$\displaystyle \frac{1}{N}\sum_{n=0}^{N-1} f(g^n x) \rightarrow \int f \,d\mu_{G/\Gamma}$

for every ${f\in C(G/\Gamma)}$, has ${\mu_{G/\Gamma}}$-measure ${1}$, and clearly if ${x\in A}$ and ${c\in G_s}$ then ${xc\in A}$, so ${A = p^{-1}(p(A))}$, where ${p}$ is the projection of ${G/\Gamma}$ onto ${G/G_s\Gamma}$.

Now let ${\mu'}$ be any ${\tau_g}$-invariant ergodic measure. By induction we may assume that ${\tau_g:G/G_s\Gamma\rightarrow G/G_s\Gamma}$ is uniquely ergodic, so we must have ${p_*\mu' = p_*\mu_{G/\Gamma}}$, so

$\displaystyle \mu'(A) = p_*\mu'(p(A)) = p_*\mu_{G/\Gamma}(p(A)) = \mu_{G/\Gamma}(A) = 1.$

But by the ergodic theorem the set of ${\mu'}$-generic points must also have ${\mu'}$-measure ${1}$, so there must be some point which is both ${\mu_{G/\Gamma}}$– and ${\mu'}$-generic, and this implies that ${\mu'=\mu_{G/\Gamma}}$. $\Box$

We need one more preliminary lemma about topological groups before we really get started on the proof.

Lemma 3 If ${H}$ and ${K}$ are connected subgroups of some ambient topological group then ${[H,K]}$ is also connected.

Proof: Since ${(h,k)\mapsto [h,k]=h^{-1}k^{-1}hk}$ is continuous certainly ${C = \{[h,k]:h\in H,k\in K\}}$ is connected, so ${C^n = CC\cdots C}$ is also connected, so because ${1\in C^n}$ for all ${n}$ we see that ${[H,K]=\bigcup_{n=1}^\infty C^n}$ is connected. $\Box$

Thus if ${G}$ is connected then every term ${G_1,G_2,G_3,\dots}$ in the lower central series of ${G}$ is connected.

We can now prove Theorem 1. As noted it suffices to prove that ${\tau_g}$ acts ergodically on ${G/\Gamma}$ whenever it acts ergodically on ${G/G_2\Gamma}$. By induction we may assume that ${\tau_g}$ acts ergodically on ${G/G_s\Gamma}$. So suppose that ${f\in L^2(G/\Gamma)}$ is ${\tau_g}$-invariant. By decomposing ${L^2(G/\Gamma)}$ as a ${\overline{G_s\Gamma}/\Gamma}$-space we may assume that ${f}$ obeys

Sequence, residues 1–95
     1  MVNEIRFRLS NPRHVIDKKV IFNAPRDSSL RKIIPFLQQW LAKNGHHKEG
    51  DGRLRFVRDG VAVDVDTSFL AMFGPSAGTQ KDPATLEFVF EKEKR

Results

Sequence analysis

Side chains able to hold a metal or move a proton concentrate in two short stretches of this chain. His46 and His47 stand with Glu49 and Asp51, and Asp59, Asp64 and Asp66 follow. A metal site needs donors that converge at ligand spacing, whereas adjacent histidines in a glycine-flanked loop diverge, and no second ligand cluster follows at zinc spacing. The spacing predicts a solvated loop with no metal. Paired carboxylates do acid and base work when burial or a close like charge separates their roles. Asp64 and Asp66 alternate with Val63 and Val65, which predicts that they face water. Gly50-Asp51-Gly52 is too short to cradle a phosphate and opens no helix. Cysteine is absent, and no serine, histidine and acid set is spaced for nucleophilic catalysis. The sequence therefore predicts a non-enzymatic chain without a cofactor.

$\displaystyle f(cx)=\gamma(c)f(x)\quad(c\in G_s, x\in G/\Gamma)$

for some character ${\gamma:G_s\Gamma/\Gamma\rightarrow S^1}$. In particular ${|f|}$ is both ${G_s}$-invariant and ${\tau_g}$-invariant, so it factors through a ${\tau_g}$-invariant function ${G/G_s\Gamma\rightarrow\mathbf{R}}$, so it must be constant, say ${1}$. Moreover for every ${b\in G_{s-1}}$ the function

$\displaystyle \Delta_bf(x) = f(bx)\overline{f(x)}$

is ${G_s}$-invariant, and also a ${\tau_g}$ eigenvector:

$\displaystyle \Delta_bf(gx) = \gamma([b,g])\Delta_bf(x).$

By integrating this equation we find that either ${\gamma([b,g])=1}$, so ${\Delta_bf}$ is constant, or ${\int\Delta_bf \,d\mu_{G/\Gamma}= 0}$, so either way we have

$\displaystyle \int \Delta_bf\,d\mu_{G/\Gamma}\in \{0\}\cup S^1.$

But since ${\int\Delta_bf\,d\mu_{G/\Gamma}}$ is a continuous function of ${b}$ and equal to ${1}$ when ${b=1}$ we must have ${\gamma([b,g])=1}$ for all sufficiently small ${b}$, and thus for all ${b}$ by connectedness of ${G_{s-1}}$ and the identity

$\displaystyle [b_1b_2,g]=[b_1,g][b_2,g].$

Thus setting ${\gamma(b)=\Delta_bf}$ extends ${\gamma}$ to a homomorphism ${G_{s-1}\rightarrow S^1}$. In fact we can extend ${\gamma}$ still further to a function ${G\rightarrow D_1}$, where ${D_1}$ is the unit disc in ${\mathbf{C}}$, by setting

$\displaystyle \gamma(a) = \int \Delta_af\,d\mu_{G/\Gamma}.$

Now if ${a\in G}$ and ${b\in G_{s-1}}$ then

$\displaystyle \gamma(ba) = \int f(bax) \overline{f(x)}\,d\mu_{G/\Gamma} = \int \gamma(b)f(ax)\overline{f(x)}\,d\mu_{G/\Gamma}=\gamma(b)\gamma(a),$

and

$\displaystyle \gamma(ab) = \int f(abx)\overline{f(x)}\,d\mu_{G/\Gamma} = \int f(ax) \overline{f(b^{-1}x)}\,d\mu_{G/\Gamma} = \int f(ax) \overline{\gamma(b^{-1})}\overline{f(x)}\,d\mu_{G/\Gamma} = \gamma(b)\gamma(a),$

so

$\displaystyle \gamma(b)\gamma(a)=\gamma(ab)=\gamma(ba[a,b]) = \gamma(ba)\gamma([a,b])=\gamma(b)\gamma(a)\gamma([a,b]).$

Since ${|\gamma(b)|=1}$ we can cancel ${\gamma(b)}$, so

$\displaystyle \gamma(a)(\gamma([a,b])-1) = 0.$

Finally observe that ${\gamma(a)}$ is a continuous function of ${a}$, and ${\gamma(1)=1}$, so we must have ${\gamma([a,b])=1}$ for all sufficiently small ${a}$, and thus by connectedness of ${G}$ and the identity

$\displaystyle [a_1a_2,b]=[a_1,b][a_2,b]$

we must have ${\gamma([a,b])=1}$ identically. But this implies that ${\gamma}$ vanishes on all ${s}$-term commutators and thus on all of ${G_s}$, so in fact ${f}$ factors through ${G/G_s\Gamma}$, so it must be constant. This finishes the proof.